my teenage daughter after 4 years will still not dispose of used sanitary pads, Anyone have suggestions?
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Shea - posted on 01/09/2013
my teen daughter does the same thing!!! I have tried everything as well. I have said it in front of friends, etc. She doesn't care! I do not wash her clothes but sometimes get clothes out of the dryer and their is a clean pad. I tell her all the time, we are not that poor we can afford new pads. I find them shoved everywhere. I don't understand how she can take the time to hide them but yet can't take the time to wrap them?????? ugh!!! Now, everytime I see a used pad unwrapped, I take her phone. That of course is her life and it doesn't phase her. She doesn't care. She is getting where she has a serious boyfriend, etc. I would think she would care but she doesn't.
Karen - posted on 04/13/2014
Hi Janmarie, you posted this issue two years ago. How are you and your daughter doing now? I just wanted to say, you are not alone. When my daughter started showing signs of going through puberty (breast bumps), I had a matter-of-fact, calm talk with her about having a period, what to expect, how to take a pad and use it (never used a tampon myself and didn't want her to), when to change and how to dispose of it discreetly. Not long after, she got her period in 5th grade (11 yrs). She often stained her clothes, but I figured that was because it was all new to her and just told her to change more often and that I would help her check. About 4-6 months in, I saw some used pads in the dirty laundry, told her she'd have to pay more attention, but also shared how I'd forgotten once or twice myself. Then she started doing her own laundry and I'd find used pads washed and dried as she didn't always empty the dryer right away when I needed to use it. I reminded her, and yes, she has a trait of absent-mindedness, so I thought ok, I'll just be vigilant about reminding her when she has her period. I told her it was best to change when she woke up, right after lunch and dinner and at bedtime; I'd ask her after her bedtime washing up if she'd taken care of her pad, she'd say yes. She was still staining her clothes, but that did stop with my vigilant asking and visual check. Then I was shocked and angry when one day, I found her old pads (5-6) still attached to stained panties in her dresser! She was very embarrassed. I scolded, but also said I understood if she found the whole messiness of a period too much--just that it WOULDN'T be so messy if she'd just change pads more often. She was 11, so I informed her about all the bacteria and unsanitariness, etc., and how disappointed I was that she'd lied to me. She seemed to improve and I eased up, until I found her doing it again, just taking off her soiled pad and panties and tossing them into the laundry pile (yes, sometimes they're on her bed/floor, because she undresses and just leaves her used clothes there). I'd remonstrate, ask her what was going on, instruct, inform, she'd be remorseful, apologize, cry, promise, be forgiven, accept loss of privileges, etc., she'd improve a few months, I'd relax, then bam, again I'd find the same thing happening. All this time, I'd be asking her a few days directly after school or after the evening washing up if she'd taken care of her pad, if she had stained and needed to put anything in a bucket to soak, etc. What killed me most was how she would reassure me that yes,yes,yes, she was taking care/properly disposing.... and it would all be untrue if I began to trust her and didn't check. I felt my trust broken again and again every time she backslid. Was this your story too? How is your daughter doing now? It's two years for me (she's in 7th grade now) and as I write this, it's just happened again. I told her I've decided to make an appt. with her school's counselor tomorrow as it's come to that. I've also collected all the sanitary napkins supplies as she'll be using disposable diaper briefs from now on when she gets her period until we work this thing out. My daughter is psychologically still "pre-puberty" and really awkward about looking like a woman when she's really still a girl, and I totally get that. But what I can't get my head around is why she can't manage that simple step of throwing away her used pad, yet all the other women in the world can't do it fast enough! There's just a natural "gross, I want to trash that thing as soon as possible!" feeling, isn't there?? I was worried she was the only one until I googled and found there were others. Tell me, is there hope? I've seen that if I keep monitoring her like a hawk, it doesn't happen, but am I to keep this up forever??? Really hope to hear from you, and sending you heartfelt blessings and prayers that your situation has improved. Thanks so much for sharing it.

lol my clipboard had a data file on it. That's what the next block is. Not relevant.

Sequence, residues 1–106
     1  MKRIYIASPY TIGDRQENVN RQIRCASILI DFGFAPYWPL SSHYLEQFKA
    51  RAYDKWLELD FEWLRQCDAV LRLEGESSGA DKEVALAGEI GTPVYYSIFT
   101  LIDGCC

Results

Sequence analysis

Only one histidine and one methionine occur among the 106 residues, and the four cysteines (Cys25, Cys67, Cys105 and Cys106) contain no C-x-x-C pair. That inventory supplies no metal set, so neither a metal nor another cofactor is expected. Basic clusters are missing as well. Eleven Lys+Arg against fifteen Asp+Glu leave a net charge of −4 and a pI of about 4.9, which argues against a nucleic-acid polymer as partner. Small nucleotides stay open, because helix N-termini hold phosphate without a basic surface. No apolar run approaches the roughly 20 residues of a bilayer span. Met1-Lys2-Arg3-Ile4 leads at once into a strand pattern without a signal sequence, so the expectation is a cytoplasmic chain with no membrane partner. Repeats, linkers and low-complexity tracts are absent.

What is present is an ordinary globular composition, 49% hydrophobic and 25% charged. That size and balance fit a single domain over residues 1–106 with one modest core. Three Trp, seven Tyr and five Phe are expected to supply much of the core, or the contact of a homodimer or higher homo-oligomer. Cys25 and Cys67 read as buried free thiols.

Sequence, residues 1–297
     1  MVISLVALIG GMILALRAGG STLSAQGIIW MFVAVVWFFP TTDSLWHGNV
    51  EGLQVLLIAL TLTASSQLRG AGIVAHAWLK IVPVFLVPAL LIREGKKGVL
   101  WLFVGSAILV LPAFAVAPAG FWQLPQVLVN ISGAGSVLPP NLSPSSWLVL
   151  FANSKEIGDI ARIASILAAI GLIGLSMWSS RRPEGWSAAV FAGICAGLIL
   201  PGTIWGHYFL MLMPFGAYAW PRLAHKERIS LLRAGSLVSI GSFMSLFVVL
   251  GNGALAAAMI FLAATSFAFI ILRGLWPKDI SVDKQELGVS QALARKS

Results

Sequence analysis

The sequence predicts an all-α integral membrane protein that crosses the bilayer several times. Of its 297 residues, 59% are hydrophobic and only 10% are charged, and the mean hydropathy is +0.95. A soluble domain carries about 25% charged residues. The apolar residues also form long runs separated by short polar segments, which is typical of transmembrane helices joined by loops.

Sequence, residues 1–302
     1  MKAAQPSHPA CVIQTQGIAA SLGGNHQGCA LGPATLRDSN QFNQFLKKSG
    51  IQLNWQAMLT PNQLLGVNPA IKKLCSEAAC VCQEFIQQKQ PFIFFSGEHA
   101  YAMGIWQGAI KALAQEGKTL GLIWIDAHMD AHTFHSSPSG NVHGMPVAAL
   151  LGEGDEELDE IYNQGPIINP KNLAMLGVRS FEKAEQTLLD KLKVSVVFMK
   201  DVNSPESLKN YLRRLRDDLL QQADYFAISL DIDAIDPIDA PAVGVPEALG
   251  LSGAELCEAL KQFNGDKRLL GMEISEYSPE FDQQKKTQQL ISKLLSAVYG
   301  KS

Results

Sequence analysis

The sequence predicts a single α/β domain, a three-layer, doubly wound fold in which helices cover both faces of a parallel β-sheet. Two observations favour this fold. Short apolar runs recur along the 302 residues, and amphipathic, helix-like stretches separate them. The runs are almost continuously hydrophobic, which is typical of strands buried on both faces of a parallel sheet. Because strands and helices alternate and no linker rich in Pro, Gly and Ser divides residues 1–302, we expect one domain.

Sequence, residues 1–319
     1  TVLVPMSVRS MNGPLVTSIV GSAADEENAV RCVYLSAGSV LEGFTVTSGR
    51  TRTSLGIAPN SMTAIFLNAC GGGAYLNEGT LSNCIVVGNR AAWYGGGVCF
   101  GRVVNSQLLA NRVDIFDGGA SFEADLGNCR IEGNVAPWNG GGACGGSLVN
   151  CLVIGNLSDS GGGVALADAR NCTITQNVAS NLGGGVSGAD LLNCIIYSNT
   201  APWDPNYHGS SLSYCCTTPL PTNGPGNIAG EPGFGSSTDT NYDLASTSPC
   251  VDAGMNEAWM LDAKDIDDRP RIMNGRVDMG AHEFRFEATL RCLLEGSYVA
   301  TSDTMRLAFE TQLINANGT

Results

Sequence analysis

Dana - posted on 01/24/2013